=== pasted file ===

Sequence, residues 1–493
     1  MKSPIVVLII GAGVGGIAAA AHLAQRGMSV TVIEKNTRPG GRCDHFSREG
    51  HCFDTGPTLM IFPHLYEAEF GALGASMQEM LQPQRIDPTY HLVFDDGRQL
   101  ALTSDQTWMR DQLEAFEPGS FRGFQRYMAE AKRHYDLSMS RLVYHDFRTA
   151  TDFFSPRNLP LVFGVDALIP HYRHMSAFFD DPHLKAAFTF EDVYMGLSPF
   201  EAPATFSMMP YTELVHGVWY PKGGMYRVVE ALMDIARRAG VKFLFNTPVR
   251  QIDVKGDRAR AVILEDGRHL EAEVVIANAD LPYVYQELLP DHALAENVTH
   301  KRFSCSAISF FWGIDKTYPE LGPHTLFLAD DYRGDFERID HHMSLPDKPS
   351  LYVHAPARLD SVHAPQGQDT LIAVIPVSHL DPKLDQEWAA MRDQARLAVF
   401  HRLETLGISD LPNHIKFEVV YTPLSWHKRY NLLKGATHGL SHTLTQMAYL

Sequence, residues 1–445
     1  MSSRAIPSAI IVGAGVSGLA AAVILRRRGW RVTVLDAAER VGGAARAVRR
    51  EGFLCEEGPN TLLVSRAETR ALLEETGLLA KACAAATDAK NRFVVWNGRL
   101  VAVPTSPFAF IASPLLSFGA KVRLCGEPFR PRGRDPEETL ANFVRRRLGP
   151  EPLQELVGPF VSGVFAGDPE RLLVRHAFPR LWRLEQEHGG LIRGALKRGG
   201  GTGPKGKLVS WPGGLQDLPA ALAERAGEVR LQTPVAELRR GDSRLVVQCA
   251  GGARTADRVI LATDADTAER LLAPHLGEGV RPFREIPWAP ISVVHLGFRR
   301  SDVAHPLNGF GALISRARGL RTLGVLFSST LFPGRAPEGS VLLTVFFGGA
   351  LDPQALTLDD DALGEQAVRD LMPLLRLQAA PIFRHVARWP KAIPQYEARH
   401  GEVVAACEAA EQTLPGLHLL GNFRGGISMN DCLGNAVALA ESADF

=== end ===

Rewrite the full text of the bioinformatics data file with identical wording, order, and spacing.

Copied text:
Sequence, residues 1–493
     1  MKSPIVVLII GAGVGGIAAA AHLAQRGMSV TVIEKNTRPG GRCDHFSREG
    51  HCFDTGPTLM IFPHLYEAEF GALGASMQEM LQPQRIDPTY HLVFDDGRQL
   101  ALTSDQTWMR DQLEAFEPGS FRGFQRYMAE AKRHYDLSMS RLVYHDFRTA
   151  TDFFSPRNLP LVFGVDALIP HYRHMSAFFD DPHLKAAFTF EDVYMGLSPF
   201  EAPATFSMMP YTELVHGVWY PKGGMYRVVE ALMDIARRAG VKFLFNTPVR
   251  QIDVKGDRAR AVILEDGRHL EAEVVIANAD LPYVYQELLP DHALAENVTH
   301  KRFSCSAISF FWGIDKTYPE LGPHTLFLAD DYRGDFERID HHMSLPDKPS
   351  LYVHAPARLD SVHAPQGQDT LIAVIPVSHL DPKLDQEWAA MRDQARLAVF
   401  HRLETLGISD LPNHIKFEVV YTPLSWHKRY NLLKGATHGL SHTLTQMAYL

Sequence, residues 1–445
     1  MSSRAIPSAI IVGAGVSGLA AAVILRRRGW RVTVLDAAER VGGAARAVRR
    51  EGFLCEEGPN TLLVSRAETR ALLEETGLLA KACAAATDAK NRFVVWNGRL
   101  VAVPTSPFAF IASPLLSFGA KVRLCGEPFR PRGRDPEETL ANFVRRRLGP
   151  EPLQELVGPF VSGVFAGDPE RLLVRHAFPR LWRLEQEHGG LIRGALKRGG
   201  GTGPKGKLVS WPGGLQDLPA ALAERAGEVR LQTPVAELRR GDSRLVVQCA
   251  GGARTADRVI LATDADTAER LLAPHLGEGV RPFREIPWAP ISVVHLGFRR
   301  SDVAHPLNGF GALISRARGL RTLGVLFSST LFPGRAPEGS VLLTVFFGGA
   351  LDPQALTLDD DALGEQAVRD LMPLLRLQAA PIFRHVARWP KAIPQYEARH
   401  GEVVAACEAA EQTLPGLHLL GNFRGGISMN DCLGNAVALA ESADF